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Establishing Perennial Shrubs for Pasture

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Video Transcript

So, this is some of the ground that we’ve got here now that’s got some of the scalding that was becoming when we were sowing in cereals, just no establishment of the cereal crops at all. So, we’re returning this area back to grasses and perennial shrubs. For plants that are only 12 months old, we’re very pleased with the results we’ve had.

When we established the perennial shrubs the ground was pre ripped, single fired ripped before and then after we had had some following up rains to reconsolidate the soil. The plants are all tube stock and were planted with a tree planter.

We’ve had a very successful establishment with these plants on this site because I think you need to have your ground damp beforehand, obviously, but the fact that we were able to select five species that were already on our enrich site  from before have given us a good success rate.

Results from Sites Enriched with Perennials

The results we’ve gained from our enrich sites, which have been established for three years now has given us the benefit the most palatable plants that are available. How they’ve rejuvenated after a heavy grazing . Of the five types of perennials that we’ve chosen some of them are taller ones and some of them are the low ground creeping ones like this one here is a creeping salt bush or semibaccata and that’s for the cell to be very palatable for livestock and rejuvenates very quickly.

Different Species of Perennials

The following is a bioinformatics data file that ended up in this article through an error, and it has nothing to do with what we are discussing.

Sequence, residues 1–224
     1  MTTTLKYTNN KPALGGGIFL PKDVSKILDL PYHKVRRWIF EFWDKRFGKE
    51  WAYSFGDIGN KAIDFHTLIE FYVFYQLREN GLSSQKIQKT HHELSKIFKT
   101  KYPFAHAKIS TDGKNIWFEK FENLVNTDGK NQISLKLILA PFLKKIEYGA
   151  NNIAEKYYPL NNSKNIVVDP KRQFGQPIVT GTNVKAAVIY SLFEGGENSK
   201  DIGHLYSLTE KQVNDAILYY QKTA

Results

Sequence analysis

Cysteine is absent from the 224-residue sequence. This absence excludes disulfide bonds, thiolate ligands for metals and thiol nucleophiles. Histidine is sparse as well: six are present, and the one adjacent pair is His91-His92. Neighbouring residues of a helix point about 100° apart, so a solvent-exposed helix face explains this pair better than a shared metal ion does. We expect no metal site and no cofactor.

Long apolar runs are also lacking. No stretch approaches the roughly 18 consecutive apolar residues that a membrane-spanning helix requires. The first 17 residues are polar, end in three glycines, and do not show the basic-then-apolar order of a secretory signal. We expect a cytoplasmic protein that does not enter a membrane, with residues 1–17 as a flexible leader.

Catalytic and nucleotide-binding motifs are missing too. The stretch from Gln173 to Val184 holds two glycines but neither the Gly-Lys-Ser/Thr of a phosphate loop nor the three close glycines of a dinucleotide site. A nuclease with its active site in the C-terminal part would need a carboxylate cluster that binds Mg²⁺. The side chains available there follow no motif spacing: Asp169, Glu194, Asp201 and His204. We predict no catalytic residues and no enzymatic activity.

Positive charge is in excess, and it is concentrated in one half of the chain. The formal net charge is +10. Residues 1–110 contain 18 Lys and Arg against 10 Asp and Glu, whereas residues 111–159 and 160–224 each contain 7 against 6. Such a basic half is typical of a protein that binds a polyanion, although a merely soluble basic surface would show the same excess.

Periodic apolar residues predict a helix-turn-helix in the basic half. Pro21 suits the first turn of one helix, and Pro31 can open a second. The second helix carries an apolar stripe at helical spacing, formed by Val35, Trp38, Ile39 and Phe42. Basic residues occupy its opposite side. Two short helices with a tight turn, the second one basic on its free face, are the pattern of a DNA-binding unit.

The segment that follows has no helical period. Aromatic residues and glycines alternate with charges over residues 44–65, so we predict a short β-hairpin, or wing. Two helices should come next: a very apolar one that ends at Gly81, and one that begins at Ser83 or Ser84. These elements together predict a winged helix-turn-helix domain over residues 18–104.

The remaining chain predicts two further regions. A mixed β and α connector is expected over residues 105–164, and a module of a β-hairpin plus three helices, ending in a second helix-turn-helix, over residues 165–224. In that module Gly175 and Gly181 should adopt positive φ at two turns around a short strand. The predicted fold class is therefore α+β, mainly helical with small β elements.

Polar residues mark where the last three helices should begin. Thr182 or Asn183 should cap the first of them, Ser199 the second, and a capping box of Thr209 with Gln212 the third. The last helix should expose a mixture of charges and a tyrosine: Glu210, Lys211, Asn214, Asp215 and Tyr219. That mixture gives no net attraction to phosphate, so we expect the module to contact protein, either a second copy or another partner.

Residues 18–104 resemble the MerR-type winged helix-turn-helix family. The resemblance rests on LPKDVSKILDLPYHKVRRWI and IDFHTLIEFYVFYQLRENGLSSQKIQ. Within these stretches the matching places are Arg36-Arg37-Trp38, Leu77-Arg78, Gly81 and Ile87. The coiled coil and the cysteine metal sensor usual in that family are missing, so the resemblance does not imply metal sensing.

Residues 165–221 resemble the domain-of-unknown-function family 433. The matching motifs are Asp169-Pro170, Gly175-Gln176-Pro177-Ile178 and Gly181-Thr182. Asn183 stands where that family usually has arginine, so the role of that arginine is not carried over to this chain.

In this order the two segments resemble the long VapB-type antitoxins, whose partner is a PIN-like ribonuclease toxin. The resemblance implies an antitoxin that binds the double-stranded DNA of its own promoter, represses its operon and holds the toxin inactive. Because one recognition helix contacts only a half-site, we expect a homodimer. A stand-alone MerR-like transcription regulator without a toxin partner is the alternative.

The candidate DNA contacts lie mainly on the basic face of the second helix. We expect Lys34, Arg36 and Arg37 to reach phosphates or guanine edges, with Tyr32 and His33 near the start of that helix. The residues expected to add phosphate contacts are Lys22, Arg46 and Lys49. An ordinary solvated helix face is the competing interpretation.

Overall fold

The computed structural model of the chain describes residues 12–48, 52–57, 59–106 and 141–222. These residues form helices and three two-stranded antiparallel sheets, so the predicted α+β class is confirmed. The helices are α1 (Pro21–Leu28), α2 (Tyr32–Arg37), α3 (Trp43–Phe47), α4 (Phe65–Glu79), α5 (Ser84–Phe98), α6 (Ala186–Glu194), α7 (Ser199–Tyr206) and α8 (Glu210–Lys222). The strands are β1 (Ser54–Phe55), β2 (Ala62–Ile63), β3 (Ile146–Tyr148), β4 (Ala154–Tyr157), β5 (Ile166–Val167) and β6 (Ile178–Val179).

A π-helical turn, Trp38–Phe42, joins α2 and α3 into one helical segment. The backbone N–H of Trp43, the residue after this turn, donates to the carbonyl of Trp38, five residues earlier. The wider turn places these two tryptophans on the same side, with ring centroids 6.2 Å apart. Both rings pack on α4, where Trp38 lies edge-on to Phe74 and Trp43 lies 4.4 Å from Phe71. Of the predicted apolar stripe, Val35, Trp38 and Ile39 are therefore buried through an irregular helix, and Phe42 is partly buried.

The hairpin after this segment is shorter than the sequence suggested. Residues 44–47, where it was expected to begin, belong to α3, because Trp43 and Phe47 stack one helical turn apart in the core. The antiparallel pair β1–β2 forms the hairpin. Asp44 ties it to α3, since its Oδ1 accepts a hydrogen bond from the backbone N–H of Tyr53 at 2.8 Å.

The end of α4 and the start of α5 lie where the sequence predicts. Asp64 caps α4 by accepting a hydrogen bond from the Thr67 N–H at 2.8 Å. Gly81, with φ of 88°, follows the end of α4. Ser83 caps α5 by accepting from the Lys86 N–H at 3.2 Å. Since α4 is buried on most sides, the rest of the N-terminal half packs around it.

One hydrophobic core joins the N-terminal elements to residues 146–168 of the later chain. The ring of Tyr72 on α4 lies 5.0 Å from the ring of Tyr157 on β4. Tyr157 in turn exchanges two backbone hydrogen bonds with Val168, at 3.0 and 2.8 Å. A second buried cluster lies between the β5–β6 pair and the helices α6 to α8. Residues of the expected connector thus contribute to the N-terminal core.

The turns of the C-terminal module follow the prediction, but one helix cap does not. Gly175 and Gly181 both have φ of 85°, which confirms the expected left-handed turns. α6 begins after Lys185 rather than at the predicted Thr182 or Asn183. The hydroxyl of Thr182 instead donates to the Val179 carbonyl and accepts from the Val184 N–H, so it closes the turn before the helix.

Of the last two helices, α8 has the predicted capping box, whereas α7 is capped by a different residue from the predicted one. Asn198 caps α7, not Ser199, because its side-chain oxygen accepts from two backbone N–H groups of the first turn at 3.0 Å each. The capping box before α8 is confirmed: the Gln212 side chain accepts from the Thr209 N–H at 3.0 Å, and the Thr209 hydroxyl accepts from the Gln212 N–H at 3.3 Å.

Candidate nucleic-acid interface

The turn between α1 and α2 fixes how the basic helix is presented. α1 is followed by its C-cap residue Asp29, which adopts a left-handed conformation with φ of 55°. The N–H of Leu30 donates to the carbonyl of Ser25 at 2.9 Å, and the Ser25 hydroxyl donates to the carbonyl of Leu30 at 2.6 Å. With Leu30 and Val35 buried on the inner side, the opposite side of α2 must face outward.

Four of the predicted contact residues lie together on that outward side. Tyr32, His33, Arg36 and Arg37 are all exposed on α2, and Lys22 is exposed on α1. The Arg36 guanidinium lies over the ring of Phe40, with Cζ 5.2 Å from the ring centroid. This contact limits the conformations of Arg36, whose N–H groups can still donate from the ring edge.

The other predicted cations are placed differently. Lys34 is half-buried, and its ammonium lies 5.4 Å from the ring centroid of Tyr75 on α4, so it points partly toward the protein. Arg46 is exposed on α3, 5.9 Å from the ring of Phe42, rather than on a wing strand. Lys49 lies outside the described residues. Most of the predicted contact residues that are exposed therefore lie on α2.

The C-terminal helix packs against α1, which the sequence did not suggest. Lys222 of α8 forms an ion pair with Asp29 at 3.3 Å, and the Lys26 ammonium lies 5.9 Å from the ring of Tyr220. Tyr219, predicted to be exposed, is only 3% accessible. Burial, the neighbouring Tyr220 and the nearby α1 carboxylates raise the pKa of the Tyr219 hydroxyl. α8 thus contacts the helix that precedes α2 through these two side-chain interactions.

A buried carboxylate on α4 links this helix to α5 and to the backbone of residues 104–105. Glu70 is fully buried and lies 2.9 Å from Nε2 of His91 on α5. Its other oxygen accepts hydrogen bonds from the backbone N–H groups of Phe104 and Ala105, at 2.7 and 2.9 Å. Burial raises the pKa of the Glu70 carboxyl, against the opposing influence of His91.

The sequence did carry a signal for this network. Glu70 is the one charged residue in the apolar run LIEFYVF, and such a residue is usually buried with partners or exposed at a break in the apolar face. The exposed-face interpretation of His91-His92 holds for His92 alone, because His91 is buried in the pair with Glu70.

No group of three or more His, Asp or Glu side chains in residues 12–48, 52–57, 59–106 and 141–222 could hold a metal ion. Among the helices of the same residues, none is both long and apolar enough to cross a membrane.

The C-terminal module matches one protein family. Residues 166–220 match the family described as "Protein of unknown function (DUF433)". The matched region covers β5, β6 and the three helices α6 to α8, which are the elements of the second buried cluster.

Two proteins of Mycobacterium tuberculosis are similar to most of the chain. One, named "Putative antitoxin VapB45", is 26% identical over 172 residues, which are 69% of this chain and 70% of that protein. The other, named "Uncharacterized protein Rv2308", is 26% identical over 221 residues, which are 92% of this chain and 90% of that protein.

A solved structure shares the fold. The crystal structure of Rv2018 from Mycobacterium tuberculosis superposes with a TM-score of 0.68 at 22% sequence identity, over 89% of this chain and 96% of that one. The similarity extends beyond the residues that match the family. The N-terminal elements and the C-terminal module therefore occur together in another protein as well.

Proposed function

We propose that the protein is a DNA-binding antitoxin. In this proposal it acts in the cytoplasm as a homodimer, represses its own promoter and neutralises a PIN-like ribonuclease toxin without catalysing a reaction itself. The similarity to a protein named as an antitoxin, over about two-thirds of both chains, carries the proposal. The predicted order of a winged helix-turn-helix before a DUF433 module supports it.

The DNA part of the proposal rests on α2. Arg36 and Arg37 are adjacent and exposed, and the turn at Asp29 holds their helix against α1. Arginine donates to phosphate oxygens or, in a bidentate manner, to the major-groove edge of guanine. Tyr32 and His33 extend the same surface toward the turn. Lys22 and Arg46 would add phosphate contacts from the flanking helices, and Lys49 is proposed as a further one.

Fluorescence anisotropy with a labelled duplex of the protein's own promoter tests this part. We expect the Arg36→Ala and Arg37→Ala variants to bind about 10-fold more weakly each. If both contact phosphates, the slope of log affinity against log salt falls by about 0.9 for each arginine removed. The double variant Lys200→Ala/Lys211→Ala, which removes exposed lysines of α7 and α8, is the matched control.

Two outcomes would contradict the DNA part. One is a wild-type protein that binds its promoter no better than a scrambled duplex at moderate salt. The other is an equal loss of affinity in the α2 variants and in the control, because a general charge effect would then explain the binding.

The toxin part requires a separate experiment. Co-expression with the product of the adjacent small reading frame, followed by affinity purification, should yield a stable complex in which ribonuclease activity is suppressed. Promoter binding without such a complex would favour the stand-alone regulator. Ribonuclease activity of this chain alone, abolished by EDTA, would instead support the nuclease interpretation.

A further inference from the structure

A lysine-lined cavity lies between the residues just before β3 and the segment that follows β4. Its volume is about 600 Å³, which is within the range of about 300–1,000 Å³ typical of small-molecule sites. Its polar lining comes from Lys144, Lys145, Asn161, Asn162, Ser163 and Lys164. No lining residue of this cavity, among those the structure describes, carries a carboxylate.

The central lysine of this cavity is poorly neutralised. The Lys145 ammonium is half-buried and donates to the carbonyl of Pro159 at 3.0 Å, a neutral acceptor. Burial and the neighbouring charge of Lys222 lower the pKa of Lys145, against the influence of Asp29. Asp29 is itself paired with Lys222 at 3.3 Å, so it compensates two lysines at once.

This species here is a Eyres green it’s  a derivative of the Old Man’s Saltbush and for something that’s only twelve months old it’s one of the taller ones that’s really got a good growth establishment. Inside some of this scalding ground that’s some of the most severe ground on this site. Another variety that we’ve got here is which stand up tall is this river salt bush.

We’re finding that one very good. That’s probably a little bit more palatable than the old man salt bush that we were looking at earlier. This one here is a ruby salt bush. Doesn’t grow as bulky as some of the other ones, but it just seems to offer that bit of a mix of palatability in amongst the plants and it rejuvenates and sets seeds quite prolifically.

Ian Ellery, on the family property at Morchard in the Upper North of South Australia, explains how returning unproductive cereal cropping land has been assisted by trial work conducted through the ENRICH program.

This program assessed a range of perennial fodder shrub species from which the five best were selected for larger scale evaluation. This project is supported by Upper North Farming Systems, through funding from the Australian Government’s Caring for our Country, Eyre Peninsula NRM Board and Rural Solutions SA.

View the following videos in this series on establishing perennial shrubs for pasture and cell grazing in the low rainfall climate of the Upper North of South Australia:
Perennial shrubs for low rainfall farming.
Cell grazing explained
Cell grazing — benefits and challenges
Biodiversity in low rainfall grazing systems of South Australia

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